Full IGA using Azure AD – Getting app role assignments using PowerShell

In this post I will quickly demo how to use PowerShell to get app role assignments for all application using the Microsoft Graph.

You should have followed my previous post in order to have created an application, added some appRoles to the manifest and granted access to the Graph.

Continue reading “Full IGA using Azure AD – Getting app role assignments using PowerShell”

Full IGA using Azure AD – App roles in OAuth ID token or SAML claim

In the last post we transferred to user information and roles to the application through Azure AD outbound provisioning with SCIM. This requires the application to either have or to implement a SCIM API, which might some times be unnecessary. Also, many applications does not have an internal user database, but relies on session information when doing access control.

In this blog post I will show you how applications can get user roles through the user’s ID token, demoed with OAuth 2.0 authorization code flow.

Continue reading “Full IGA using Azure AD – App roles in OAuth ID token or SAML claim”

Full IGA using Azure AD – Provisioning using SCIM

Continuing my series on how to achieve a full “Identity Governance and Administration” (IGA) solution using Azure AD, the topic this time and for the next few posts will be provisioning, with focus on actually transferring the app roles from my previous post into the application itself.

Continue reading “Full IGA using Azure AD – Provisioning using SCIM”

Full IGA using Azure AD – Custom app roles

Well, it’s been three years since my last post, and now I will try to start posting again. I will do a mini series on Azure AD governance features, and how to achieve a full “Identity Governance and Administration” (IGA) solution using Azure AD.

The end goal will be to handle entitlements inside Office 365 as well as third party applications. This post will focus on 3rd party apps, and will lay the foundation for handling these entitlements with the Azure AD Entitlement Management feature, as well as actually populating these entitlements inside the app using SCIM, Claims or other means, all of which will be covered in later posts.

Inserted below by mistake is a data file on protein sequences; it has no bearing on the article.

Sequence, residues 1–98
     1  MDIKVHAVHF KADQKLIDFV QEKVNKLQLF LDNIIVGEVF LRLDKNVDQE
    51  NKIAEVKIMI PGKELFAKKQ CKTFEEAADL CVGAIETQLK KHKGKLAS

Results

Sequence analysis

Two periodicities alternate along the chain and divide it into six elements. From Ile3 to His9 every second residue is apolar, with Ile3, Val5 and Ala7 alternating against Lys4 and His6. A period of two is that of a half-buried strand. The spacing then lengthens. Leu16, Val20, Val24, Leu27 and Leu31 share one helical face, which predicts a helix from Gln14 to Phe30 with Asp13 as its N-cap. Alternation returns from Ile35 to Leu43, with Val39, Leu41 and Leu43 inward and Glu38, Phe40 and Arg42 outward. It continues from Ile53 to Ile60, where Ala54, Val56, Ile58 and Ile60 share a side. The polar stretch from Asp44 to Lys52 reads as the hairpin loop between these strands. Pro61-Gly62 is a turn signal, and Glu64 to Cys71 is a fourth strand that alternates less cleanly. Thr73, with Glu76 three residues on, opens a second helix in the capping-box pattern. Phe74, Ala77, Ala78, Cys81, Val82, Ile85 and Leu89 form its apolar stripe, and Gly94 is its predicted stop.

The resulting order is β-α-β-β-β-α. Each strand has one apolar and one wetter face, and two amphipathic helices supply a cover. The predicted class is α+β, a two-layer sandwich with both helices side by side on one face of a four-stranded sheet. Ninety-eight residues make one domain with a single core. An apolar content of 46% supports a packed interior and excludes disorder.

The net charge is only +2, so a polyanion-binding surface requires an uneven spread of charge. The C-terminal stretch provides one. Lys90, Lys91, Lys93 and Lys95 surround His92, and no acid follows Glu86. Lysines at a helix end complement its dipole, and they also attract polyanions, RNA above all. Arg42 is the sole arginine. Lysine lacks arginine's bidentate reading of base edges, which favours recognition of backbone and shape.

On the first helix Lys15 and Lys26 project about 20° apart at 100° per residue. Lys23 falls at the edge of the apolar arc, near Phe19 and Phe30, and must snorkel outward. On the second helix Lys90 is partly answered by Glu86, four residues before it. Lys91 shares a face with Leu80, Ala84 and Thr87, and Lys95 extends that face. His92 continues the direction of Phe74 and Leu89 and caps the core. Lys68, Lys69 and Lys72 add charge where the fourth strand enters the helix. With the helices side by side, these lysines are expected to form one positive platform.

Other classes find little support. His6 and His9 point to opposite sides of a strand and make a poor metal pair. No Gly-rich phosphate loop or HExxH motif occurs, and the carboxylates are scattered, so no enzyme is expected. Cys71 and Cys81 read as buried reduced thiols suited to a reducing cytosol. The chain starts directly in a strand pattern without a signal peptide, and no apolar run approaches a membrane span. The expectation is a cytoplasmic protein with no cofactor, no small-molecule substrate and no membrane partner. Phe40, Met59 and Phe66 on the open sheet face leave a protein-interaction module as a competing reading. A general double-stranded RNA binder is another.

Continue reading “Full IGA using Azure AD – Custom app roles”

AAD Identity Protection – End-user behavior

Microsoft is moving from a “force Multi-Factor Authentication for all users” model to a risk based model where users are requested to do Multi-Factor Authentication when their sign-in has a risk assigned to it. This could happen for example by an impossible travel, the user logging in from an IP address which has been in contact with a botnet or other “signals” as Microsoft calls them.

First of all, with AAD Identity Protection, instead of doing manual or scripted assigning of MFA, this is now done with an MFA registration policy. Here is an example on what this can look like:

snip_20160321095252

This will let organizations start with a group of users and expand to more and more users. What will happen is that the user will be prompted to register for MFA when they log on with a browser (or Office with ADAL etc.), but their next logon will not require MFA.

snip_20160321095400

When we look at StrongAuthenticationRequirements of the user, it will be empty, meaning that MFA is not enforced, but the user is still ready to use MFA whenever Azure AD requires it.

Now let us look at the Sign-in risk policy:

snip_20160321100036

Here I have configured the policy to be invoked when the machine learning system in Azure AD find my sign-in a low or medium risk. If a high risk is detected, it is blocked completely.

When I sign in from my regular computer, nothing happens. No MFA; everything is like it has always been. This is perfect, and exactly how this should work. Azure AD detects that everything is safe, no risk at all, so I am not prompted for MFA.

Now, let us try signing in through a RDP session from a computer about 2 hours away by air.

snip_20160321095306

 

snip_2016032110100

Suddenly my sign-in requires Multi-Factor Authentication, because I made an impossible travel.

 

How Active Directory vNext and the PAM feature works under the hood